After taking the keys in March for the new leased building in Melbourn, Hertfordshire, the business has been gradually refurbishing and moving into the site over the past few months.
It also continues to operate from two other buildings, with its main offices and manufacturing facility, where it formulates its own consumables including pigmented inks, based at the nearby Melbourn Science Park.
In addition to providing capacity for the manufacturing of Cyclone, which facilitates low-cost short-run digital decoration for beverage cans, the company said the new facility enables customers to carry out direct-to-pack digital print demonstrations, trial runs and pre-production proofing.
Around 10 of the company’s 45 staff are now based at the new site, which Tonejet chief executive Rob Day said “gives us both scale and efficiency as we continue to grow and develop”.
He added: “The space is ideal both as an R&D hub and operational centre, allowing our ink chemists, printhead technologists and printer engineers to work alongside their colleagues in production and customer support.
“The new 1,300sqm space has allowed us to add the necessary de-palletiser, curing oven and re-palletiser units to test and demonstrate a full, end-to-end can printing line, while allowing our customers to visualise exactly how our products fit into their operations and their businesses.”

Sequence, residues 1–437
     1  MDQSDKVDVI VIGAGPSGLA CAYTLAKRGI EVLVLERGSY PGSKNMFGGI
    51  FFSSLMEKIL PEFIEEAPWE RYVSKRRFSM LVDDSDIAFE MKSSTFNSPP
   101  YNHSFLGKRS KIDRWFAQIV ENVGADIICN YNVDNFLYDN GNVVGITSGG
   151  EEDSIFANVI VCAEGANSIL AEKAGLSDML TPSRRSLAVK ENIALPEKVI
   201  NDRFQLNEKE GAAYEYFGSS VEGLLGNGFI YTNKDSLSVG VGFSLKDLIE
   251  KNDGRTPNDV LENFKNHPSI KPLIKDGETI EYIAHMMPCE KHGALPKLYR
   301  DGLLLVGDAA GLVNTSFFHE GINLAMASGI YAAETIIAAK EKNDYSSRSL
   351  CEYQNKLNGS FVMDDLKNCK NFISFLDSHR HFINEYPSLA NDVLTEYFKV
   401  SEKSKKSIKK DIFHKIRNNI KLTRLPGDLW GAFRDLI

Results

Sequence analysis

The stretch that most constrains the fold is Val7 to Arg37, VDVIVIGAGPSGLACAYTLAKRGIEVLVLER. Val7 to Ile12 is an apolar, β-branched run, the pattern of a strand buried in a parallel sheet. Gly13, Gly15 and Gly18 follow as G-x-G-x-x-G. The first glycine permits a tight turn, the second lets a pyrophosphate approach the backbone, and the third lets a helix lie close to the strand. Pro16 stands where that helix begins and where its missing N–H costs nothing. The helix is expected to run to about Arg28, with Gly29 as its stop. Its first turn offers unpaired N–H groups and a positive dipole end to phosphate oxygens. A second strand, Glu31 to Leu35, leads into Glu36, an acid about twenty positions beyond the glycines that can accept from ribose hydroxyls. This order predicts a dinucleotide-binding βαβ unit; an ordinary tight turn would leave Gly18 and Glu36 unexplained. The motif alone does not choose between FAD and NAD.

Initially targeted at craft beverage brand-owners, contract fillers and packaging suppliers, the Cyclone system is said to enable users to develop seasonal specials, personalised marketing campaigns and special brand activations to boost consumer engagement and increase sales volumes.
Using Tonejet’s electrostatic drop-on-demand printhead, the manufacturer said the machine eliminates waste, shortens supply chains and slashes production costs, while offering lower running costs than those associated with shrink sleeves or pressure sensitive labels.
Tonejet sales manager Marvin Foreman said interest for the technology is high and that the company will soon be getting in its first beta customer.
“The can manufacturing industry is a very traditional business, it’s pretty much still all offset printing,” he said.
“The reason for this is that up until recently, most of the product in cans has been from global brewers and the likes of Coca-Cola who don’t do small batches. This whole craft beer revolution has opened up a huge opportunity for direct-to-shape digital printing onto cans – the amount of interest is crazy.”